An Emma Frost Salon
by Ken Kneisel
Welcome, gentle reader. The subject of this week’s White Queen Wednesday was brought to my attention by my buddy RJ Danvers. Before he pointed it out, I had no idea that Emma Frost appeared in last week’s Fantastic Four #584, written by Jonathan Hickman with art by Steve Epting. But after I read this issue I felt like her interaction with Susan Richards, the Fantastic Four’s Invisible Woman, was worth sharing with you as well. Although brief, their little moment drips with hidden meaning and subtle characterization.
Meow, ladies! What is going on with all that cattiness, girls?
It definitely seems like Emma gets along much better with men than with women. Like Spider-Woman, it seems that men tend to love her and women often hate her for one reason or another. Since she joined the X-Men, her male teammates like Wolverine and Beast were almost immediately taken with her and quick to defend her while her female teammates like Storm, Rogue and Kitty Pryde were more skeptical of her motivations and a little slower to come around in accepting her place on the team. Even back when she was the White Queen of the Hellfire Club, she and Sebastian Shaw were thick as thieves while they plotted to kill Emma’s rival Black Queen, the immortal sorceress and psychic vampire Selene. Which is why I think her newfound sisterhood and friendship with Storm in the pages of Warren Ellis’s Astonishing X-Men is so powerful.
But back to Susan Richards, what could have possibly inspired this bitchiness and barely veiled hostility between them? Is Sue merely reacting towards Emma the way a lot of women seem to, judging her based on her looks, clothing (or lack thereof) and attitude? Or is Susan perhaps jealous of the way Namor has so aggressively pursued Emma in recent months? If it is the latter, I don’t think Sue has anything to worry about. Because it doesn’t seem like Namor has anything to offer Emma beyond a strategic alliance between his Atlantean people and her mutant population. Besides, when it comes to Namor, Emma has already been there and done that. So the forbidden fruit that fires such passionate interest in Sue holds no such taboo appeal for Emma.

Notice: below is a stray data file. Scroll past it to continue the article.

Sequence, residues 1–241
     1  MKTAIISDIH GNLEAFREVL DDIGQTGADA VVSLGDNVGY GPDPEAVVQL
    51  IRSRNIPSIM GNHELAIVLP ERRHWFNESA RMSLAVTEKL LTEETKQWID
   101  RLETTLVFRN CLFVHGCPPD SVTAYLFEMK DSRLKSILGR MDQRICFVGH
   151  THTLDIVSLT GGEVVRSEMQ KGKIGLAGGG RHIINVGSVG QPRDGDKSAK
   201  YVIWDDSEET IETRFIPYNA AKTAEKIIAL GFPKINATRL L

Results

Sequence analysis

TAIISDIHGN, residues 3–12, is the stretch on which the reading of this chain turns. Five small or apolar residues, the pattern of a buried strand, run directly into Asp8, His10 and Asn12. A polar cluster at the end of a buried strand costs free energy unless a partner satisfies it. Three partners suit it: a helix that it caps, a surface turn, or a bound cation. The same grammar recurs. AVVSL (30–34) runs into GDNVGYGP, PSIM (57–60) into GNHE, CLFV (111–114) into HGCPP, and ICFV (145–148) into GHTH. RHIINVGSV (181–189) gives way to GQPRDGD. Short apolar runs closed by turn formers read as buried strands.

While I’m on the subject of the Invisible Woman and recent releases, how amazing did she look in “Love and the Space Phantom” by Jaime Hernandez in last week’s Strange Tales II #2? Not unlike the writer of Smoke & Guns and my personal cocktail guru Kirsten Baldock, I’d say.
You’ll notice that even in this story, she’s still throwing shade due to her jealousy over Namor’s affections.
Well that was another short and sweet White Queen Wednesday, gentle reader. I would be very curious to know how you interpreted this little moment between Emma and Sue if you would be so kind as to share your thoughts in the comments.